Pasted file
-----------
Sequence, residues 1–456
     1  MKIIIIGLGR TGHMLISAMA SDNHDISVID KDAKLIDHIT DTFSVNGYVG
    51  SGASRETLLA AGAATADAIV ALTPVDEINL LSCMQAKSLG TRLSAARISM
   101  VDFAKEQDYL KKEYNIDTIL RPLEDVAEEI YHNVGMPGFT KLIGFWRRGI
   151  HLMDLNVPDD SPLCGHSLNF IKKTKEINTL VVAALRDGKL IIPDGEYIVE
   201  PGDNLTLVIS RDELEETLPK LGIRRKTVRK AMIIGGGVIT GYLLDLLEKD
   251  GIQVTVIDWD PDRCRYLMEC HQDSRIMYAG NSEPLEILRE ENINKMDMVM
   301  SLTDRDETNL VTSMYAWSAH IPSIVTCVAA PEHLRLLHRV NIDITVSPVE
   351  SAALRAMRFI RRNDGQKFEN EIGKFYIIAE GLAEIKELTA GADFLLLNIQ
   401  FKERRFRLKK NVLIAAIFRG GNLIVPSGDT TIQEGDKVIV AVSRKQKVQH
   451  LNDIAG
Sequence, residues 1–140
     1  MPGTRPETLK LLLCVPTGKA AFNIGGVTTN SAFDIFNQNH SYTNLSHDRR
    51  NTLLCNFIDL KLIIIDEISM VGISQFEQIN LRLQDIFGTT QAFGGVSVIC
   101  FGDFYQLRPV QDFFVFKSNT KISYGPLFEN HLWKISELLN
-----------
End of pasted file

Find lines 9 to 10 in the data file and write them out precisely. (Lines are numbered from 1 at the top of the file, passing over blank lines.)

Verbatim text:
   351  SAALRAMRFI RRNDGQKFEN EIGKFYIIAE GLAEIKELTA GADFLLLNIQ
   401  FKERRFRLKK NVLIAAIFRG GNLIVPSGDT TIQEGDKVIV AVSRKQKVQH